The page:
A vaginal pessary is a plastic device that fits into your vagina to help support your uterus (womb), vagina, bladder, or rectum.
The pessary is most often used for prolapse of the uterus. Prolapse means that your uterus droops or sags into the vaginal canal. This happens because the muscles and ligaments that should support it are weak. These muscles may get weak after you give birth or have pelvic surgery. Prolapse of the uterus is usually fixed with surgery. But you can also use a vaginal pessary to help keep the uterus in place.
A pessary can help if you have a cystocele. This is when your bladder droops down into your vagina. It can also help if you have a rectocele. This is when the wall of your rectum bulges into the bottom of your vagina.
In addition, a pessary can help many women who have stress urinary incontinence. This is the leaking of urine when you cough, strain, or exercise. Pregnant women who have incontinence can also use a vaginal pessary.
Path to improved health
Your doctor will decide which type of pessary you should use depending on the problem you have. The pessary has to be fit just right in order to work correctly and be comfortable. Your doctor will fit you with several different sized pessaries until he or she finds one that fits best.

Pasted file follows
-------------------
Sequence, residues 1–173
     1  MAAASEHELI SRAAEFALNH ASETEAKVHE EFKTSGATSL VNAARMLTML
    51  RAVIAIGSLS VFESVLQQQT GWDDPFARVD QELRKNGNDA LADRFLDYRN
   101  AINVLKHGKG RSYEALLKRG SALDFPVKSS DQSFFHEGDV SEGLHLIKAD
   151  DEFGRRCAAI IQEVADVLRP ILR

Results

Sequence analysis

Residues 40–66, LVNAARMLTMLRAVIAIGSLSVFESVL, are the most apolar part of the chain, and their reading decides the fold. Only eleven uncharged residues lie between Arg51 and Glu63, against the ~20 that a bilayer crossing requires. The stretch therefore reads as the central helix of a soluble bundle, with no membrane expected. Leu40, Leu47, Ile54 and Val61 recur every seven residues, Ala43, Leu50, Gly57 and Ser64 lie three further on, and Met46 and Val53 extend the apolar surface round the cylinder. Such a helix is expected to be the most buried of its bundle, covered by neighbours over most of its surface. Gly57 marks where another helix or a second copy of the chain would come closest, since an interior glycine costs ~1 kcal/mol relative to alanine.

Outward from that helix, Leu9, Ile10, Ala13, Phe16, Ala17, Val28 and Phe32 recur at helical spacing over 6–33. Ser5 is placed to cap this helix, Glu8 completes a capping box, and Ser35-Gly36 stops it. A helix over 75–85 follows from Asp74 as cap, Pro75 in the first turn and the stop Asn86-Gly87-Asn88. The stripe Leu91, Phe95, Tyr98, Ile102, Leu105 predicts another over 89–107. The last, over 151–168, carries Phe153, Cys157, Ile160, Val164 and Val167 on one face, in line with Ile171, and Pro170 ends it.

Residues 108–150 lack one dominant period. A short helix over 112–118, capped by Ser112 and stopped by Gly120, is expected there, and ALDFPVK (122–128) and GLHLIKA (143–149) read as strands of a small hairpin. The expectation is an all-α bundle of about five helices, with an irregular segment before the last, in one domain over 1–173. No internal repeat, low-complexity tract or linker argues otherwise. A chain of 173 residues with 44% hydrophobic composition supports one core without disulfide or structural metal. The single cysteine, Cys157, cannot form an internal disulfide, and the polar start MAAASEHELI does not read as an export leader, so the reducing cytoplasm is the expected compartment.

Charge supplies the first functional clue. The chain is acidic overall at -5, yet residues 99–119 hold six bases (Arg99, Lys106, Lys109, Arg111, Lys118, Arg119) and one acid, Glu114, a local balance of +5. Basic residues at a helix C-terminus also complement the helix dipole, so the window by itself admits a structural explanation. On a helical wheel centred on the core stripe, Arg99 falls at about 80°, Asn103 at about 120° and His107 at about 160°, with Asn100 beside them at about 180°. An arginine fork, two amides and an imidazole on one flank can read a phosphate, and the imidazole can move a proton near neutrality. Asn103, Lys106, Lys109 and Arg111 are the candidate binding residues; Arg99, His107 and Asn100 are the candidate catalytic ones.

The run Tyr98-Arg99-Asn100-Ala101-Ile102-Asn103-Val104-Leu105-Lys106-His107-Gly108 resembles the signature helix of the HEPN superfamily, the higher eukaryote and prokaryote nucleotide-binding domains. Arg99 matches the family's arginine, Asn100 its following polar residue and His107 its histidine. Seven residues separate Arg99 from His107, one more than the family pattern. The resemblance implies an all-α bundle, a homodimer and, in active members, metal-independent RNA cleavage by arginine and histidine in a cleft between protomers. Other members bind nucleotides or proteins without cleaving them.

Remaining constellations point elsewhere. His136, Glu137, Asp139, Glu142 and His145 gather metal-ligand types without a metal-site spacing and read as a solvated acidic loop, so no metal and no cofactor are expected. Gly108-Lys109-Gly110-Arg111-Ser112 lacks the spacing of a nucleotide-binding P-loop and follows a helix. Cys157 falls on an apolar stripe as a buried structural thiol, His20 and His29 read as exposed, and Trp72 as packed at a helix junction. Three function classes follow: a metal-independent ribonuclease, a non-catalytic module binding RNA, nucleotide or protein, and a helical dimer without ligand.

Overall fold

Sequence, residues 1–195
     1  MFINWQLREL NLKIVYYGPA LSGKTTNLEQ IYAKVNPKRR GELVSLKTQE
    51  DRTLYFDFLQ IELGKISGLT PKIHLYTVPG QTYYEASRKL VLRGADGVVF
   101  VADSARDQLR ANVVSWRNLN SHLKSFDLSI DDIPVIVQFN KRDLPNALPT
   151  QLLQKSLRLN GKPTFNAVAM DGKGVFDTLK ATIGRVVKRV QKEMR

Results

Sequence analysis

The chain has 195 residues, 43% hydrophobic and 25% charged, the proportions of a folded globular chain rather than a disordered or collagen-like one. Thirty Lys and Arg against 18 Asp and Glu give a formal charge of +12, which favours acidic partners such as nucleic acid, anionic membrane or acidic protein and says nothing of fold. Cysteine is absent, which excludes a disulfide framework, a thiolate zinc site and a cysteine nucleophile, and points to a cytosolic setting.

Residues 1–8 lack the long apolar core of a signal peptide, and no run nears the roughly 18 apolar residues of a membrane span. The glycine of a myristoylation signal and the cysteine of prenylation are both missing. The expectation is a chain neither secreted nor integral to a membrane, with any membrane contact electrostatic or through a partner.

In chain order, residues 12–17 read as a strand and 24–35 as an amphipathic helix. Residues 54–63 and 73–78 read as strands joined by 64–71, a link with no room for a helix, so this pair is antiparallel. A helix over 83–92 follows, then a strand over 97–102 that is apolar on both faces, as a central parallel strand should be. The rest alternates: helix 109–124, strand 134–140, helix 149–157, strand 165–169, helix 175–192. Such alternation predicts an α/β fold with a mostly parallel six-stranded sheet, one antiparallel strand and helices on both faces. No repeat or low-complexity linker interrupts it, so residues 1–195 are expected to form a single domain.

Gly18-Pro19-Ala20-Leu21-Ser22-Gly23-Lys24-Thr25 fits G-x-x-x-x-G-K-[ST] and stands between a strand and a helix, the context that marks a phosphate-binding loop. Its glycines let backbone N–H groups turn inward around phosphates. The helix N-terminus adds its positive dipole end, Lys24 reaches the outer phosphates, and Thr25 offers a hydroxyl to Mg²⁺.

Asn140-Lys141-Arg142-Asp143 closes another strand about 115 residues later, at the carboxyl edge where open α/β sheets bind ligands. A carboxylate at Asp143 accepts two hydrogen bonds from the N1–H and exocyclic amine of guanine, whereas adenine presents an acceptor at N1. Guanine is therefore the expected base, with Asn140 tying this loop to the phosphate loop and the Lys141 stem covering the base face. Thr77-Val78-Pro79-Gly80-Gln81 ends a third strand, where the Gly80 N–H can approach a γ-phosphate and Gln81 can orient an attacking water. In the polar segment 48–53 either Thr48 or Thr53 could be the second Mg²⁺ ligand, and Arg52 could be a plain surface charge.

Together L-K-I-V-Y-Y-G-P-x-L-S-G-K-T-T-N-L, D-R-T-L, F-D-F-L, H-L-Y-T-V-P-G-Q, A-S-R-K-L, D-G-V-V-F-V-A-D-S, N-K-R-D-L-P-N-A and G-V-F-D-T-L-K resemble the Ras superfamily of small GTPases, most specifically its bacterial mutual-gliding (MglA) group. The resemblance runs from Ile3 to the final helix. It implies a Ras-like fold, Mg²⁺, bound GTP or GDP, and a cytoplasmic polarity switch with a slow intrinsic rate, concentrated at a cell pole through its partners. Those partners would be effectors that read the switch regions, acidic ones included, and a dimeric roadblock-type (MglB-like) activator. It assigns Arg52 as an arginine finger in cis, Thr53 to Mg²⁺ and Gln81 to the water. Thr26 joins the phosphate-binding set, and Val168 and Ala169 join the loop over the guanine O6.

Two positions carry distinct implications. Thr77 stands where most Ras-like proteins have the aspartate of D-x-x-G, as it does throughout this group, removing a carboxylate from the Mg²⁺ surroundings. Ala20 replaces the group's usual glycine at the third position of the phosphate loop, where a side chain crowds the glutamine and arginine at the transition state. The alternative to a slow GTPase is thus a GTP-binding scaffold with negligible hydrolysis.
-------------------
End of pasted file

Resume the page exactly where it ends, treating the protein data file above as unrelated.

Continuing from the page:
After the first fitting, you’ll need to go back to the doctor’s office in a few days to have the pessary rechecked. After that, you will probably be checked every few months. Sometimes the size or shape of the pessary will have to be changed.
How do I care for my vaginal pessary?
It’s important that you follow your doctor’s instructions about caring for your pessary. You can wear most pessaries for many days before taking them out and cleaning them with simple soap and water. You may be able to take out, clean and reinsert your pessary yourself. Or your doctor may want you to come into the office so he or she can do it. Be sure to keep your check-up appointments and clean the pessary as your doctor tells you.
What else should I know?
Many vaginal pessaries can be worn during intercourse — your doctor will tell you if yours cannot. Be sure to tell your doctor promptly if you have any discomfort with the pessary. Also let him or her know if you have trouble urinating or having a bowel movement.
Things to consider
You may notice more vaginal discharge than normal when using a pessary. Your vaginal discharge may also develop an odor. Certain vaginal gels can help with these side effects. Cleaning your pessary more often may also help with foul-smelling odor.
Vaginal irritation is another possible side effect. Women who are past menopause may need to use estrogen cream to help relieve the irritation.
Can the pessary get lost or fall out?
The vagina is a closed tube. The pessary can’t go anywhere else inside the body. However, the pessary can fall out of the vagina if you strain too hard or lift something heavy. This usually means that your pessary is too small. Check with your doctor if your pessary keeps falling out.
Questions to ask your doctor
- Am I a good candidate for a vaginal pessary?
- Why should I choose a vaginal pessary over corrective surgery?
- Will a vaginal pessary make sex uncomfortable?
- Will using a vaginal pessary put me at risk for urinary tract infections or vaginal infections?
- How will I know if the vaginal pessary slips out of place?
Copyright © American Academy of Family Physicians
This information provides a general overview and may not apply to everyone. Talk to your family doctor to find out if this information applies to you and to get more information on this subject.